Submission Number: MBTL-EIS-0000017
Received: 9/11/2013 1:27:06 AM
Commenter: Amy Glasser
Agency: Cowlitz County, the Washington Department of Ecology, and the U.S. Army Corps of Engineers
Initiative: Millennium Bulk-Terminals Longview EIS
Attachments: No Attachments
Scoping comment: Please study the significant impacts that an additional 16 trains per day, blocking crossings for between 6 and 10 minutes will have on emergency vehicles getting to their destination in a timely fashion.
It is minutes and seconds that count and if the emergency responders must turn around to take a different route, when they are stopped by a 10 minutes train, people may die.
The emergency responders will have to turn around and hopefully the train will not be blocking the next crossing by the time they get there.
There are dozens of cities along the train route in Washington and all those cities will be affected by the additional blocking of crossings 16 more times a day for up to 10 minutes each time the train goes by. If there is an incident where the train is backed up, the wait can be longer. The result of not getting to a home or person for an emergency can result in death or serious health damage. Other consequences could be a home burned down, the police may be too late to prevent an assault or find the offender if they are waiting 10 minutes at a crossing, or a person drowns and the responder is too late to save the person.
The only way to mitigate this potentially life threatening concern is to build overpasses or underpasses at all the crossings. The cost of this would be impossible to bear for a county of our size.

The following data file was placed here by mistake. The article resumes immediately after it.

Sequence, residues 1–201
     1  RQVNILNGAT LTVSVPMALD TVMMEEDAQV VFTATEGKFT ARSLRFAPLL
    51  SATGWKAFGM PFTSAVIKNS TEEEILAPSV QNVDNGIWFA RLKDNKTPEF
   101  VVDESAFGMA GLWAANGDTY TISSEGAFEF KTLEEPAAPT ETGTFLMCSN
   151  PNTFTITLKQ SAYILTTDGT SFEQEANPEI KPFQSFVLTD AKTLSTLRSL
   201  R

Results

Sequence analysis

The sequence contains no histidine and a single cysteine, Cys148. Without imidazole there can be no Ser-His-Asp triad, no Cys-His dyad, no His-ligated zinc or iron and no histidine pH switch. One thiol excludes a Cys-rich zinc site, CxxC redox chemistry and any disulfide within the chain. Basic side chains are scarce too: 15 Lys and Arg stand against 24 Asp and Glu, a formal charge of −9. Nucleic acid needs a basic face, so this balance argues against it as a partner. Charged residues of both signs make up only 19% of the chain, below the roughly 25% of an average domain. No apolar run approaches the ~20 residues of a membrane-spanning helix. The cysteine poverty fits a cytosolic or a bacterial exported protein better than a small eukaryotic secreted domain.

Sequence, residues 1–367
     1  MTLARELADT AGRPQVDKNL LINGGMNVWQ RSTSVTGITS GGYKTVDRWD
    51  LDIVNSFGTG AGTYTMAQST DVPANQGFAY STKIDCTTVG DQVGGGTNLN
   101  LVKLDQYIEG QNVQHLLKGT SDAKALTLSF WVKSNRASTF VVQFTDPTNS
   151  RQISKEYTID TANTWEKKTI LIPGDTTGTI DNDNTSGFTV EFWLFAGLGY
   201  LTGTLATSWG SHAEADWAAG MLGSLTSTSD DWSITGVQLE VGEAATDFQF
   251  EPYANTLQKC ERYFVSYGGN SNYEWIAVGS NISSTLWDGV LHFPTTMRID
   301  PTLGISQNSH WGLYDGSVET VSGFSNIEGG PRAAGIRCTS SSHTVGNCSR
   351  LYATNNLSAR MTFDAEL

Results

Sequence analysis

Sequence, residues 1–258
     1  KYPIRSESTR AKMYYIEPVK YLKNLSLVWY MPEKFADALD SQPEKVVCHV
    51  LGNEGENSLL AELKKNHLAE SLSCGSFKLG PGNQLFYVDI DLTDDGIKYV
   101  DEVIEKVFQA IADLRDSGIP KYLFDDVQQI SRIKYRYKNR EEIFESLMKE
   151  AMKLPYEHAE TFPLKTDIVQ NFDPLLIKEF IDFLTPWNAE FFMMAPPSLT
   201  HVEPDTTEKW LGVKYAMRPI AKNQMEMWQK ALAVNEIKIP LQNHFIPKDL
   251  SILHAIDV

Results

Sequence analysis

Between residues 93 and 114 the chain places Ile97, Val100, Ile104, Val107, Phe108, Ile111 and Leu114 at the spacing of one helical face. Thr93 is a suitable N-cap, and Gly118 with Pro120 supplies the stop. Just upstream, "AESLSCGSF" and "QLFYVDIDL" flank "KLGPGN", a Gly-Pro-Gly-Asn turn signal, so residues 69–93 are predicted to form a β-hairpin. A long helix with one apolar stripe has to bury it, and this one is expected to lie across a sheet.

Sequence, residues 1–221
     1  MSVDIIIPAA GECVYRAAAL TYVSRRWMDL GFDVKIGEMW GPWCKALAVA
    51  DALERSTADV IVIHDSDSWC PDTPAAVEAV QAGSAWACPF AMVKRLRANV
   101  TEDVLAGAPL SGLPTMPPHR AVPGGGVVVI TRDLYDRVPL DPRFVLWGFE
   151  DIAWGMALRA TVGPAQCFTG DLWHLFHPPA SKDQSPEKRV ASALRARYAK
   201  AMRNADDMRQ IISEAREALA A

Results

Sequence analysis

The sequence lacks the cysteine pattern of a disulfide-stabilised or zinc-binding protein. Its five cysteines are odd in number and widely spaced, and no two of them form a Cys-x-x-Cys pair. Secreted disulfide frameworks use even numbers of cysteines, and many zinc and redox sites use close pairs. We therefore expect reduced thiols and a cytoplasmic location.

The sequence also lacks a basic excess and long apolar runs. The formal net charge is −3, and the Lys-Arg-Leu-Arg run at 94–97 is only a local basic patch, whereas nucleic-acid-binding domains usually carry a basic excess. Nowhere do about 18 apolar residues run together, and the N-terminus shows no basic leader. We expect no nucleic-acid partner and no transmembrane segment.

Please consider and study how our community and those all along the train route will be affected by these long waits 16 more times a day and measure the time delays and then assess if the danger to human health is worth the jobs you may see in 10 years (if anyone wants coal in 10 years).
From coaltrainfacts.org community involvement, doctors
APPENDIX E: Anticipated Impacts of Frequent Long Trains on
Emergency Medical Service Response Times and Risk of Injuries at
In the modern medical era, a five to ten minute delay in emergency medical
service (EMS) response time can make the difference between life and death, particularly
for cardiovascular events, respiratory emergencies, and trauma. The prospect of an
additional eighteen trains per day – each 1.5 miles long—threatens to substantially
increase the chances of critical delay in provision of emergency services to several areas
in our county.
Among the locations where citizens are at greatest risk of EMS delays are the
Annually in the US, a train/vehicle collision occurs about every 90 minutes.
Train/vehicle crashes are more likely than other crashes to be fatal because of the mass of
the train. A 150 car freight train traveling at 50 miles per hour takes about 8,000 ft to stop
(1.5 miles). Train/vehicle crashes also carry the risk of train derailment and, thus, risk to
community and environment if hazardous materials are being transported.